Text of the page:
Cape Glossy Starling

Common Garden Birds of Gauteng - Johannesburg and Pretoria

Did you see a bird outside and want to know what it is? Great! Birdwatching is a decision that will bring you closer to nature, allow you to see the beauty in everyday life, and just generally make you a happier person. But where do you begin? All you really need to enjoy birdwatching is a bit of interest, a pair of binoculars (even a cheap pair will do) and a willingness to go outside.

But you live in Gauteng... In the big city - all the birds here are rubbish-eating scum, aren't they? Absolutely not! The number of birds that live in your garden - or if you don't have one, a local park - will suprise you.

According to the South African Bird Atlas Project, sightings of over 350 different species have been recorded in the last month in the mostly urban area of Johannesburg roughly between Randburg and Sandton in the Northern Suburbs. This is more bird species than live in countries like Germany, Italy and the United Kingdom. South Africa may have its problems, but it is certainly a great place to watch birds.

All you need to do is look for them.

The Doves

3 of the top 10 Gauteng garden birds are doves, and I'm sure you already know why. You can't get away from them. They can seem a bit boring at first, but once you understand them you will start to appreciate them a lot more.

Although they are so common, it can be a bit confusing to identify the different species because they are all very similar, but there are some easy ways to distinguish them once you know what to look for. Additionally, their calls are very distinct! Once you get the hang of their songs, you won't even need to look up to identify them.

The Dove Songs

It can be quite daunting to approach learning bird calls at first, but it's easier than you might think! To help in this task, birders often use 'mnemonics' which are just a fancy way of saying that we use similar sounding phrases to help us remember. A great example of a mnemnoic is the actual bird species name "Cuckoo", named after the common european cuckoo whose song actually sounds like "Cu-Koo". By learning a phrase like this, we can easily relate the bird song to the phrase, and the phrase to the bird. This sounds complicated, but trust in your brain's ability to learn, and this will come naturally in no time.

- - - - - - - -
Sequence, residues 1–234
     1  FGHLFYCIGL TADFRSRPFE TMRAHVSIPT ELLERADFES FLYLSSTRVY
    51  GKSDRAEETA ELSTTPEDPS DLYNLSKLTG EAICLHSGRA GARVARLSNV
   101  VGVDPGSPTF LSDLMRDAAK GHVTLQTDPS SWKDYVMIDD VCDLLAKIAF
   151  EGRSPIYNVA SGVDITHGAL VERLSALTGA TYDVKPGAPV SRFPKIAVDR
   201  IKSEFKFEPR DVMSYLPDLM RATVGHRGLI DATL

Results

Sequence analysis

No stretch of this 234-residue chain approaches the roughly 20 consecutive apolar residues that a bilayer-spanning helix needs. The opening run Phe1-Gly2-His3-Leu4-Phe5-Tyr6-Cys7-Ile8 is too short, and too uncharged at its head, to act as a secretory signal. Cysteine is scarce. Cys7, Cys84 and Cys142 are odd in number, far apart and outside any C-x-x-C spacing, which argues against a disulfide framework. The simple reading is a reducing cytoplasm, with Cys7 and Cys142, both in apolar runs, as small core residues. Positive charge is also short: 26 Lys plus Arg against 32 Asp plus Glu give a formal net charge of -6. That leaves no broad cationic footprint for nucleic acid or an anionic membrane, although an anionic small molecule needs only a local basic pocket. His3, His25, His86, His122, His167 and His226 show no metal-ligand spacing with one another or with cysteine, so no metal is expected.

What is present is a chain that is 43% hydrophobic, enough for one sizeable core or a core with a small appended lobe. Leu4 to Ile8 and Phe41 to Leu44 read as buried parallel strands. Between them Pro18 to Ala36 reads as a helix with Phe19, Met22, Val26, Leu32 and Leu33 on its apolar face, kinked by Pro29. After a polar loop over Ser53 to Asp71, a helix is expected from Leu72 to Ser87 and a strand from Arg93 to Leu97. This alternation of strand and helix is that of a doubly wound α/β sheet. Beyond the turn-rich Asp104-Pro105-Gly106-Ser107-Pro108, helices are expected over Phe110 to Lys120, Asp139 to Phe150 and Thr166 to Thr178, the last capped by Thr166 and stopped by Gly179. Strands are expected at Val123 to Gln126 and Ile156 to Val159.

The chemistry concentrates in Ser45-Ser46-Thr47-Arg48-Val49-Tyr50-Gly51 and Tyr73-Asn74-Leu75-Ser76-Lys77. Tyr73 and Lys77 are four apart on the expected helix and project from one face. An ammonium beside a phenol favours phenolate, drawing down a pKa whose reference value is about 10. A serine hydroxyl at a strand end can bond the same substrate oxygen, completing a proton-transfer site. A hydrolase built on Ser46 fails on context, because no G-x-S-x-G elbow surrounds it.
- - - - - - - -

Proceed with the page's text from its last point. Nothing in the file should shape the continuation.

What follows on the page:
Bonus: Aliens

Humanity's effect on the birdlife in South Africa isn't limited to affecting populations of native birds, humans have also introduced birds from overseas - some of which have done very well in the amazing climate and conditions that we call home. These are commonly known as 'alien' species, and are normally considered invasive pests as they compete for resources and habitats of indigenous birdlife. Despite this, they are here to stay and it is important to know how to recognise them. The individual birds are not to blame, so we might as well enjoy them instead of hate them.

Gardens and Parks in Gauteng Cities

The plantlife in the suburban areas and parks in Johannesburg and Pretoria tells an interesting story. Before the gold-rush in the 1880s, the areas that we now call Johannesburg and Pretoria were like anywhere else on the highveld, a mostly grassland Savanna with very few trees dotted over the rolling hills of brown grass.

Today it is vastly different. The region has been transformed into what is often called "the world's largest man-made urban forest". This 'greening' of suburbia has involved a dramatic increase of both indigenous and exotic trees as well as open water, and this has transformed the bird community that lives here. Most of the grassland specialists have all been 'chased out' and replaced with a diverse mix of fruit-eaters, waterbirds, tree-cavity nesters and cliff nesters (what is a building to a bird, other than a man made cliff?).

In Conclusion

If you live in Joburg or Pretoria and are just starting birdwatching, you don't have to go anywhere to start appreciating our avian friends. The 10 birds on this list are just a start to what you can see in your garden and you will certainly see a whole lot more birds that you won't identify when looking for this small selection. But you have to start somewhere, so get out there with a pen and paper and check these birds off your list as you see them!